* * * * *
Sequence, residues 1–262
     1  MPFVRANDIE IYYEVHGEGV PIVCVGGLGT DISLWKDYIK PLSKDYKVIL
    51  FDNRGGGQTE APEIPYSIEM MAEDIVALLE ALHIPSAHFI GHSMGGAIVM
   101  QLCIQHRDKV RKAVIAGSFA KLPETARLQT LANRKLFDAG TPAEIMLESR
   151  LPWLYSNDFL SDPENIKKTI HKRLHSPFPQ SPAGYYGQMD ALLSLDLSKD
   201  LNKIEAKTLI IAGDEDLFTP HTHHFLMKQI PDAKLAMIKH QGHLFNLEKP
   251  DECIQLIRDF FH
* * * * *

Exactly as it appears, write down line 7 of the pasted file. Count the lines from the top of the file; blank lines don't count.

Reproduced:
   251  DECIQLIRDF FH